1951: It is reported that Police Headquarters has started investigations into the circumstances of the police-mob battle in Spanish Town this afternoon. Special attention will be paid to the causes of the clash and to the methods used by the police in meeting the situation. L. W. Rose in a telegram to The Gleaner, says, in regard to the report in The Gleaner in connection with the clash between police and civilians at Spanish Town on Sunday, the statement claiming that he arrived on the scene after it was calmed down was incorrect, and that he was there from the police arrived. He further stated “I did my best to bring about a peaceful settlement and was responsible for the train leaving before the scheduled time”.

1953: The rector of the Kingston Parish Church, the Rev Phillip C. Price, expresses indignation at the damage done to the church on Wednesday night during the King Street fire. Damage is done to the roof and glass windows, as well as to the hedges in the churchyard. Price says there is no justification for the crowd to have invaded the churchyard and mounted the roof.

1960: Delegates from Trinidad and St Vincent to attend the inaugural meeting of the British Caribbean Cane Farmers’ Association, arrive in Jamaica by BWIA plane from Trinidad. They are met at the airport by C. O. Titus, chairman of the Jamaica Cane Farmers’ Association, Wilson Roberts, manager, and other officials of the local organization.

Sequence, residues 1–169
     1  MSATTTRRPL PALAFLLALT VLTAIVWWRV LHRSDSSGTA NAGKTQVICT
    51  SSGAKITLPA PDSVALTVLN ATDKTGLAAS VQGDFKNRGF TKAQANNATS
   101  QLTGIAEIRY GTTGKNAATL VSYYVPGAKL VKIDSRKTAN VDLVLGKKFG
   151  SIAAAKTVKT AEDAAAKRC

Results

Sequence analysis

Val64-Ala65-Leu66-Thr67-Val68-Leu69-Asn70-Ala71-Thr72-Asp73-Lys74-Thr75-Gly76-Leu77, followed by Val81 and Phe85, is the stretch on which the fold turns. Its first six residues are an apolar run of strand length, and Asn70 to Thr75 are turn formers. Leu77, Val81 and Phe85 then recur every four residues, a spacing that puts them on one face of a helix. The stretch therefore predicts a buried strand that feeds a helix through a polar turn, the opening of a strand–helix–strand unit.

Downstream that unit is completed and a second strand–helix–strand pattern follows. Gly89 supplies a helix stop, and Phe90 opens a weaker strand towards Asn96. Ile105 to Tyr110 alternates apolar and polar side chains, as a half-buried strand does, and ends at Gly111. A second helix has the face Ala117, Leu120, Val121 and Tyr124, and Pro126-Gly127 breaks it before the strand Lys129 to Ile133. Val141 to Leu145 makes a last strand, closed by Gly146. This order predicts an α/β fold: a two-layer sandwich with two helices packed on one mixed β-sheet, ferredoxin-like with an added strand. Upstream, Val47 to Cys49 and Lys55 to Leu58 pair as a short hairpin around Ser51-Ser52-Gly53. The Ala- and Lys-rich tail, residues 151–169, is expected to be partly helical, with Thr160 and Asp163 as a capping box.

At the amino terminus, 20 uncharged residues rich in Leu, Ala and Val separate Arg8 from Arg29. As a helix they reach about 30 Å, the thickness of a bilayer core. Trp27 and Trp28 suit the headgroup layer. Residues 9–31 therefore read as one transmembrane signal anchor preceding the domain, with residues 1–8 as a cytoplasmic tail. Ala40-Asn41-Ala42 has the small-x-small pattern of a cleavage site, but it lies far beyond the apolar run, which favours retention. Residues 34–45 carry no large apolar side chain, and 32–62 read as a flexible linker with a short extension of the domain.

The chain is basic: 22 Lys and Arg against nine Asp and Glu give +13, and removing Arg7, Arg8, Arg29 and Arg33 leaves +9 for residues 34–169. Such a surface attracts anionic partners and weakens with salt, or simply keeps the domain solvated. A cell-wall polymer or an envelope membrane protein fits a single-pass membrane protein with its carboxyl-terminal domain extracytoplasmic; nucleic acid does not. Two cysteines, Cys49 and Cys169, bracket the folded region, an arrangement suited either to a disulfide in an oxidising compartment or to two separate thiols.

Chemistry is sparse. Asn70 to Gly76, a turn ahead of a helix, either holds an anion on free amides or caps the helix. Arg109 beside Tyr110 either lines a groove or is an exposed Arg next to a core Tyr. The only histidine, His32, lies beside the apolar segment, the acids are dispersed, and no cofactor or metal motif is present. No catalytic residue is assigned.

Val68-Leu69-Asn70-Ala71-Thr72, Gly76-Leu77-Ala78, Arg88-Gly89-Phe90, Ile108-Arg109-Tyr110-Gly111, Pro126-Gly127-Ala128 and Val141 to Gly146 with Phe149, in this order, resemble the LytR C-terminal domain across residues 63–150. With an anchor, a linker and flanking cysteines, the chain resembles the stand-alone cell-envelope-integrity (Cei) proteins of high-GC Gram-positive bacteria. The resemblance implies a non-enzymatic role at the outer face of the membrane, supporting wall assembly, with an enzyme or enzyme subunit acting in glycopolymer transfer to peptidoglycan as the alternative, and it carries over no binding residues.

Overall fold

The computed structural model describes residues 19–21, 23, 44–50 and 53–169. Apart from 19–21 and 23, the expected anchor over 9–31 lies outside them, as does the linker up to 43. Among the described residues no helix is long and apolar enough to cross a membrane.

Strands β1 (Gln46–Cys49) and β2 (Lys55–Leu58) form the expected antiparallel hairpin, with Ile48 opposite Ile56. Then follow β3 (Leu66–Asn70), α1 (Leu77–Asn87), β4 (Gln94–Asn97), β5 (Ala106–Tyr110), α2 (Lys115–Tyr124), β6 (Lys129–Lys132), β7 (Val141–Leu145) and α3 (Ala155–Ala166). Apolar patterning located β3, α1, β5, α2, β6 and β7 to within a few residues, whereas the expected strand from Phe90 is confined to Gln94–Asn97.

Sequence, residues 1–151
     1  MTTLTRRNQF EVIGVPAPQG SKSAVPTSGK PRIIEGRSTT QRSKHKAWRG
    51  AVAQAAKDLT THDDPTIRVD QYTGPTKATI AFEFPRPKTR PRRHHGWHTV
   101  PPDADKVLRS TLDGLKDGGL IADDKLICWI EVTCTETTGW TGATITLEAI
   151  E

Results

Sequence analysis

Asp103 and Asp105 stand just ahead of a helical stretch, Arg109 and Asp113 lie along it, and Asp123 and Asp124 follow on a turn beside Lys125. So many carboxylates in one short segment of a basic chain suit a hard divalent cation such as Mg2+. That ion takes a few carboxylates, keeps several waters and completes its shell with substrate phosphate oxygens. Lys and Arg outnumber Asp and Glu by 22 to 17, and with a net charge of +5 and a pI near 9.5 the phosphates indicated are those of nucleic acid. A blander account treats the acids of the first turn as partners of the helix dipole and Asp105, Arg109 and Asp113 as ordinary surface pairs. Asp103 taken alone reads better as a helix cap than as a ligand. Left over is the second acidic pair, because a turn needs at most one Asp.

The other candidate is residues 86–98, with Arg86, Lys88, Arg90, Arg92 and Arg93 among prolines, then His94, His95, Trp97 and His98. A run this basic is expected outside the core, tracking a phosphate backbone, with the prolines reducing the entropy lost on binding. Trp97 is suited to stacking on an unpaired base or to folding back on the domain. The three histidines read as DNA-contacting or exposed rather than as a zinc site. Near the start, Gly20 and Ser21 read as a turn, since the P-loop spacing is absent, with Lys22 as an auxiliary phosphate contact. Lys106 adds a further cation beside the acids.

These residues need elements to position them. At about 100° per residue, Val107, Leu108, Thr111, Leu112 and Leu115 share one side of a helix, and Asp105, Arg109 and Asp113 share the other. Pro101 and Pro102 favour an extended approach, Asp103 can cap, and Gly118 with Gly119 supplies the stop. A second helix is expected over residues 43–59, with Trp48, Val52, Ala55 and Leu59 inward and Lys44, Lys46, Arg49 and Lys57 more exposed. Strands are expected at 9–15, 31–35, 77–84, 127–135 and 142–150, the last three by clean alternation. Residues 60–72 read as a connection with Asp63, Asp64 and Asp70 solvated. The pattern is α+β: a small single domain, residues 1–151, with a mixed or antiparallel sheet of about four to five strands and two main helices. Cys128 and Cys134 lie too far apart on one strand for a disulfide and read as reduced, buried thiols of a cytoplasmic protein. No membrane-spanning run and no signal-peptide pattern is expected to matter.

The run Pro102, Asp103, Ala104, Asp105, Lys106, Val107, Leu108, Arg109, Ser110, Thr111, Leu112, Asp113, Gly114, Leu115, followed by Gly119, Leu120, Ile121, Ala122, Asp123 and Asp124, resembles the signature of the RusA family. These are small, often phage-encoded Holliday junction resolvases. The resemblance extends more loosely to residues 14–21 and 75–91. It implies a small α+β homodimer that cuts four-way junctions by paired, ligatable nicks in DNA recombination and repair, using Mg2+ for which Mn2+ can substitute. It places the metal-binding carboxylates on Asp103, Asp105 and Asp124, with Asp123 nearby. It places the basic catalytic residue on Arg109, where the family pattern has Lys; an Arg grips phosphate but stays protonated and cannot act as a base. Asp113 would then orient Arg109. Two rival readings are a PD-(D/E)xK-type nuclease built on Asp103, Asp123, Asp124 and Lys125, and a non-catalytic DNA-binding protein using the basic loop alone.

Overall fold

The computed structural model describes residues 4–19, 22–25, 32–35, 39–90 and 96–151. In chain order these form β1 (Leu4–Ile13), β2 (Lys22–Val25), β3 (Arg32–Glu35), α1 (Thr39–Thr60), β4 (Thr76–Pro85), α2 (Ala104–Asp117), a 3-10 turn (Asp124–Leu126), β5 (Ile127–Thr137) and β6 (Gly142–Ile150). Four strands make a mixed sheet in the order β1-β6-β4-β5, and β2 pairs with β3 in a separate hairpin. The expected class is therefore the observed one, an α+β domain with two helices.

1962: It is announced that Donald Sangster, minister of finance, will purchase the first National Savings Bond at the Bank of Jamaica. Regulations made under the law were passed in the House of Representatives last week. Bonds will be in the units of £1 and will be available for purchase at the Bank of Jamaica in denominations of one, five, 10, 50 and 100 units, and at commercial banks in denominations of one, five and 10 units only.

1963: The House of Representatives concerns itself mainly with continuation of the debate on the Government’s Five-Year Development Plan presented to the House last week Wednesday by Minister of Development and Welfare Edward Seaga. Opposition Leader Norman Manley was the first speaker, followed by the minister of agriculture and lands, John P. Gyles, Keble Munn of the Opposition, the minister of communication and works, Kenneth Jones, and the minister of local government, Leopold Lynch. It is expected that the debate will be concluded this week, leaving next week open for activities connected with celebration of the first anniversary of Independence.

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